Castlerigg Stone Circle and the Lakes

Following my early morning walk to the abandoned mine, we headed out for a day of touring. We headed towards The Lake District, a large area designated a National Park containing many of England’s highest mountains and numerous large lakes as well as smaller lakes or tarns situated high up in the mountains as a result of glacial events. There are also many large forests and countless picturesque villages.

The first place we went to was Castlerigg stone circle, the most visited stone circle in Cumbria and just one of around 1300 in total. This one is around 100 feet wide with about 40 stones that date back to around 3,200BC. 

Castlerigg is in a natural amphitheatre and surrounded by mountains around 3,000 feet tall with experts believing the circle orientated to key celestial events such as the sun rising over a particular mountain on midsummers day.  Whether sunny, raining or snowy, Castlerigg has always been my favourite stone circle.

  Derwent Water, a beautiful lake with numerous islands, one of which is populated. A boat service operates a cruise to various points around the lake.

  This photo is taken from an area called Friars Crag and is one if my favourite viewpoints. In the distance is Borrowdale and behind the mountains you can see lies the tallest mountain in England, Scafell.

This is coming down the Honister Pass which is a notorious route through the mountains and very treacherous in winter. Keswick and this area of the Lake District is famous for its slate mines and here you can see the walls made of slate and loose stones or scree lay all about.

  Buttermere… If I remember rightly. Mere is an old English word fora body of water.

This is the Main Street if Cockermouth which was recently flooded with 9feet waters… Those lakes wouldn’t be there without lots of rain. But known as the home of poet William Wordsworth.

 We returned to the stone circle to see it minus the toùrists in late evening sun. Here you can see a small inner rectangle within the circle.  

About Stephen Liddell

I am a writer and traveller with a penchant for history and getting off the beaten track. With several books to my name including several #1 sellers. I also write environmental, travel and history articles for magazines as well as freelance work. I run my private tours company with one tour stated by the leading travel website as being with the #1 authentic London Experience. Recently I've appeared on BBC Radio and Bloomberg TV and am waiting on the filming of a ghost story on British TV. I run my own private UK tours company (Ye Olde England Tours) with small, private and totally customisable guided tours run by myself!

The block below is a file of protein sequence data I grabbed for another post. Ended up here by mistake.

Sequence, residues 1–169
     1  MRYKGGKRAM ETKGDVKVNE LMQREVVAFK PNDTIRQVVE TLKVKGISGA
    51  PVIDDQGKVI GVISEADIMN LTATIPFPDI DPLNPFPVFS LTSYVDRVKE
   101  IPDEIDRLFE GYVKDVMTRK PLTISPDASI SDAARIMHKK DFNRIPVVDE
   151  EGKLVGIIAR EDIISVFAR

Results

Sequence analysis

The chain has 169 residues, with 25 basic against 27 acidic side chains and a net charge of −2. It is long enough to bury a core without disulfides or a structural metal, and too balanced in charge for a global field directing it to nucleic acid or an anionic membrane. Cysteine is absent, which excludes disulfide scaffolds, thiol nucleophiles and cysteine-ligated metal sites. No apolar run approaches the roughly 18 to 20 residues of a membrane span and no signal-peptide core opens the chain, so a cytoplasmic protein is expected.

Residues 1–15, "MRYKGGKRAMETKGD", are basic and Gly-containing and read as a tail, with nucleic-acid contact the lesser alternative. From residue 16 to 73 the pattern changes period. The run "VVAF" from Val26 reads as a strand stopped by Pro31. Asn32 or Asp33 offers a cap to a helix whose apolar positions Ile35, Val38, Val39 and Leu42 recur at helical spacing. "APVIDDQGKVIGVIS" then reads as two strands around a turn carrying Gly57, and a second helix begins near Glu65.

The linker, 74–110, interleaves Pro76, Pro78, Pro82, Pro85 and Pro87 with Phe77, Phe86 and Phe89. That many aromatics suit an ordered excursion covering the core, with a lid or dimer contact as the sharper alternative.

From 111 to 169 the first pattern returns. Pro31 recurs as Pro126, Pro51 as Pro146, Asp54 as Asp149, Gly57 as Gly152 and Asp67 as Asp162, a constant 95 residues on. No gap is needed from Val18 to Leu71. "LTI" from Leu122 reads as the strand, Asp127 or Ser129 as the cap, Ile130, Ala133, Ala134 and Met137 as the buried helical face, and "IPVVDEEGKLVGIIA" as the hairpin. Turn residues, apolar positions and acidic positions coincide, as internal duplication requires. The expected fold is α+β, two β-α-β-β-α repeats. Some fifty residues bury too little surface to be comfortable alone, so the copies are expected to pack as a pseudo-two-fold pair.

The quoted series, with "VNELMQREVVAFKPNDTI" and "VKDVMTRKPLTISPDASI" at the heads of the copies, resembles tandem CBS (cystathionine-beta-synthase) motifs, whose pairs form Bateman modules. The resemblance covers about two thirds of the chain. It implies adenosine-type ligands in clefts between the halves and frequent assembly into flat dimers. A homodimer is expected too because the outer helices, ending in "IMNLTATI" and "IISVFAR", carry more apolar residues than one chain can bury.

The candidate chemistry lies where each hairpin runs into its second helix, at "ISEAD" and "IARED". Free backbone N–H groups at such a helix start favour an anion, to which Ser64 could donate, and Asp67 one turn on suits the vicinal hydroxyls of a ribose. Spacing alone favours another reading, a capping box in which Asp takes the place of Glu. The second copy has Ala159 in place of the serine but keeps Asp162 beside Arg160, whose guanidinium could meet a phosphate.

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16 Responses to Castlerigg Stone Circle and the Lakes

  1. Rosemarie says:

    It is so interesting to see where the tour guide takes a vacation.

    Liked by 1 person

    • Thanks! Yes I guess in lots of ways it should tell foreign visitors where to visit. Like the stone circles, everyone visits Stonehenge yet you can’t go in the circle, can’t touch the stones and have crowds of visitors almost guaranteed. There is so much more to see than London or even the big draws like Windsor, Bath or Shakespeare.


  2. Malla Duncan says:

    This area is one of the best in England I think. I visited around here in 1973 and loved it then! Doesn’t look as though a lot has changed, thank goodness! Looks as though you having lovely weather! The pics are brilliant. Thank you.

    Liked by 1 person

    • Yes I agree. I don’t think it has changed either. I was a little worried that it might have got busier in the last 10-15 years but it hasn’t at all. I am home again now but still have a few more posts to put up. All the pics were taken with a standard iPad camera, they do look rather nice!


  3. Ankur Mithal says:

    Been in this area a few years back. Absolutely delightful. Remember spending an outstanding day in a forest, I think called Grizzdale, walking and cycling.


  4. Amy Reese says:

    Stunning photos. Indeed, it looks like a remarkable, memorable place. The stone circles are pretty fascinating, too.


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